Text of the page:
Governor Laura Kelly directed that all executive branch offices, including OAH, will be closed from March 23 to April 5, 2020, to reduce the spread of COVID-19 (coronavirus).  All hearings and prehearing conferences scheduled during this two week period are cancelled and will be rescheduled.  OAH tentatively is scheduled to reopen on April 6, 2020.

    To ensure access to OAH during this time, documents and exhibits may be submitted in one of three ways:

    1. Use the e-filing system if you are an approved e-filer.  If you are not an approved e-filer, you may access the e-filing system by completing the E-filing Terms of Use Agreement. This Agreement is located at the “Resources” tab on the OAH website.
    2. Use TemporaryFilingOAH@ks.gov to send documents and exhibits to OAH.  This temporary email address will be monitored by OAH staff while OAH is closed.
    3. File by fax at 785-296-4848.

    Cheryl L. Whelan
    Director & Administrative Law Judge
    Office of Administrative Hearings
    1020 S. Kansas Avenue
    Topeka, KS  66612
    Phone (785) 296-2433
    Fax (785) 296-4848

    Cheryl.Whelan@ks.gov


  • 18 Mar 2020 7:15 PM | Amanda Kohlman (Administrator)

    State courts on emergency operations until further order

     

    TOPEKA—The Kansas Supreme Court today issued Administrative Order 2020-PR-016 directing all district and appellate courts to cease all but emergency operations until further order.

    The only exception is jury trials that are currently under way. They may proceed to conclusion, but no other criminal or civil jury trials will be scheduled until further order.

    The Supreme Court anticipates the order to remain in effect for at least two weeks, at which time it will be reevaluated. 

    “This is an extraordinary measure to match the gravity of the COVID-19 pandemic,” said Chief Justice Marla Luckert. “We have a duty to protect the people who come into our courthouses and courtrooms, as well as our employees and judges. This action allows courts to fulfill core functions while reducing in-person contact.”

    Emergency operations are outlined in the Administrative Order, and generally include:

    • determining probable cause for persons arrested without a warrant;
    • first appearances;
    • bond hearings;
    • warrants for adults and juveniles;
    • juvenile detention hearings;
    • care and treatment emergency orders;
    • protection from abuse and protection from stalking temporary orders;
    • child in need of care hearings and orders;
    • considering petitions to waive notice for abortions by minors;
    • commitment of sexually violent predators; and
    • isolation and quarantine hearings and orders.

    Referenced in the Administrative Order is 2020 House Substitute for Senate Bill 102. On its publication, the court’s Administrative Order will have the effect of suspending until further order all statutes of limitations and statutory time standards or deadlines that apply to conducting or processing judicial proceedings.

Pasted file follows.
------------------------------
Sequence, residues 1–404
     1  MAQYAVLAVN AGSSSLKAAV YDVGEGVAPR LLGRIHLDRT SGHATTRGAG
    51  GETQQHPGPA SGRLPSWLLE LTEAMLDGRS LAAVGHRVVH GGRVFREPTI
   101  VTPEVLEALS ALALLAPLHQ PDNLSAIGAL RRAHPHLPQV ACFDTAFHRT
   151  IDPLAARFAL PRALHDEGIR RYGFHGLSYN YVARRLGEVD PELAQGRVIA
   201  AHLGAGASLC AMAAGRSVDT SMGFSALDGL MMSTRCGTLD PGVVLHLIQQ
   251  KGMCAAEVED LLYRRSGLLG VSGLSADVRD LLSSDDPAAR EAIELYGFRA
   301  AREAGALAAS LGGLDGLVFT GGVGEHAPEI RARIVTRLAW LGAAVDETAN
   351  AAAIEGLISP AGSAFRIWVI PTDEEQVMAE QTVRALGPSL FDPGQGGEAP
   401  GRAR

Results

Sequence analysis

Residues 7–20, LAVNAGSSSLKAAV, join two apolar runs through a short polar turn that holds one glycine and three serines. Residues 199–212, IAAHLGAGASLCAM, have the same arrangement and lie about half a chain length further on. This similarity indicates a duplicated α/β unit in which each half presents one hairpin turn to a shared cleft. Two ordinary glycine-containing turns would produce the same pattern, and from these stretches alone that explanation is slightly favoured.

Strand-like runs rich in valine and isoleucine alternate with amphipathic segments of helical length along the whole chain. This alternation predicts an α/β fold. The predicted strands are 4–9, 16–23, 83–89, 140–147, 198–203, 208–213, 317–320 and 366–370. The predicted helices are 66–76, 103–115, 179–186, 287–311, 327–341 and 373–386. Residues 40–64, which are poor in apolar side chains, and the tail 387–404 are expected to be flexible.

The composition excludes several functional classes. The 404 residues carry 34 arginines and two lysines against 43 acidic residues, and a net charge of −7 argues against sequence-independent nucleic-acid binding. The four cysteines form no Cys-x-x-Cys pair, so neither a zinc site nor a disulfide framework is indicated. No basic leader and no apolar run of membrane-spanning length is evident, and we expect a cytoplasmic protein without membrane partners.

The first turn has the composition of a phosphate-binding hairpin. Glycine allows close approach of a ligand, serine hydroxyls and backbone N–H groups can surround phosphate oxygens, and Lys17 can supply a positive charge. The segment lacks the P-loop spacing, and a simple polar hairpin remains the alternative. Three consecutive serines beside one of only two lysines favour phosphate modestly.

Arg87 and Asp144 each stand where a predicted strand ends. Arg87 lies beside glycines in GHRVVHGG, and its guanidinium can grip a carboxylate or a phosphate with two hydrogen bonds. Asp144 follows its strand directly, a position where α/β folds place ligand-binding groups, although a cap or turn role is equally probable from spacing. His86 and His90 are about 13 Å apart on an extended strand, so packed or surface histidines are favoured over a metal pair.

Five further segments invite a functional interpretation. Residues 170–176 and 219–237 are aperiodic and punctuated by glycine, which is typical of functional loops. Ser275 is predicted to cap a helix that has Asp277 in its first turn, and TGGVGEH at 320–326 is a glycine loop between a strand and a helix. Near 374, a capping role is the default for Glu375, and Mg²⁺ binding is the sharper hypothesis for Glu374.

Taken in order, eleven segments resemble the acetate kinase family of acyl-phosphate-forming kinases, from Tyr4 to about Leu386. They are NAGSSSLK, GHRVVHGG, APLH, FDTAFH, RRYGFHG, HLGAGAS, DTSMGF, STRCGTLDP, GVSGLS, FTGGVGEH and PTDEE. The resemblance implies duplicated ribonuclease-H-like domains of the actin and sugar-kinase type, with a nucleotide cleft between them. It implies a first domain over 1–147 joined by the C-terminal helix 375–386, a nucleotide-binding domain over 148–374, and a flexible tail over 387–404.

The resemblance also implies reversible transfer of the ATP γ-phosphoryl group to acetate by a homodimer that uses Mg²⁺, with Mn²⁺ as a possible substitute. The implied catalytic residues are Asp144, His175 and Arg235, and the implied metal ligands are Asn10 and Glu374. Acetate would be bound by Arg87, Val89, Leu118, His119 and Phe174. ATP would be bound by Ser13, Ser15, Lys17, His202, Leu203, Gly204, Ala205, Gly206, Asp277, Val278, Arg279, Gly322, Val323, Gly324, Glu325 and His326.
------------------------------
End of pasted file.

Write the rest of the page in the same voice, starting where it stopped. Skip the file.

During the effective dates of the order, no action will be dismissed for lack of prosecution.

    People who have business with a court are urged to try completing that business online, by phone, or by mail. If that’s not possible, the person can call the court for direction. A limited number of staff will be available to answer questions.

    Chief judges of district courts are charged with identifying essential personnel—both judges and employees—needed to fulfill emergency operations.

    The Administrative Order also applies to appellate courts, including the Supreme Court. Emergency operations for the appellate courts include:

    • Appeals, motions, or original actions arising from the emergency operations of the district court;
    • Any other appeal, motion, or original action requiring expeditious resolution.

    “It is through our collective action that we will slow COVID-19’s spread,” Luckert said. “The courts will continue to serve the people of Kansas, but in a way that protects all of us.”


  • 16 Mar 2020 6:14 PM | Amanda Kohlman (Administrator)

    Attorney, client protocol established for Kansas courts

    TOPEKA—Attorneys and their clients who have symptoms of COVID-19, have been exposed to the virus, or are covered by the Kansas Department of Health's recommendations for quarantine and isolation of travelers are advised to follow protocols established by the Kansas judicial branch.

    Persons entering any Kansas courthouse may be asked screening questions consistent with public health guidelines. Admission may be denied for public health concerns. These individuals will be encouraged to visit a courtroom or court offices at another time or use a different method of conducting business.

    Attorneys should ask their clients to follow these rules. If a judge determines a proceeding must proceed, individuals may be required to wear masks.

    Postings inside courthouses will provide telephone or email contact information for court personnel. Contact information for district courts also is available online.

    Attorneys, members of the public, and law enforcement officers appearing in courtrooms should follow the same hand foam and handwashing procedures as court employees. That includes frequently washing hands with soap and water for a minimum of 20 seconds or using alcohol-based hand cleaners. If sheriff's deputies or inmates in their custody have a fever or are coughing, they should wear masks while in the courthouses.

     

    If any inmate is confirmed to have COVID-19, the court will coordinate with the sheriff, defense counsel, and the prosecutor to arrange for video appearances or continuances of court proceedings.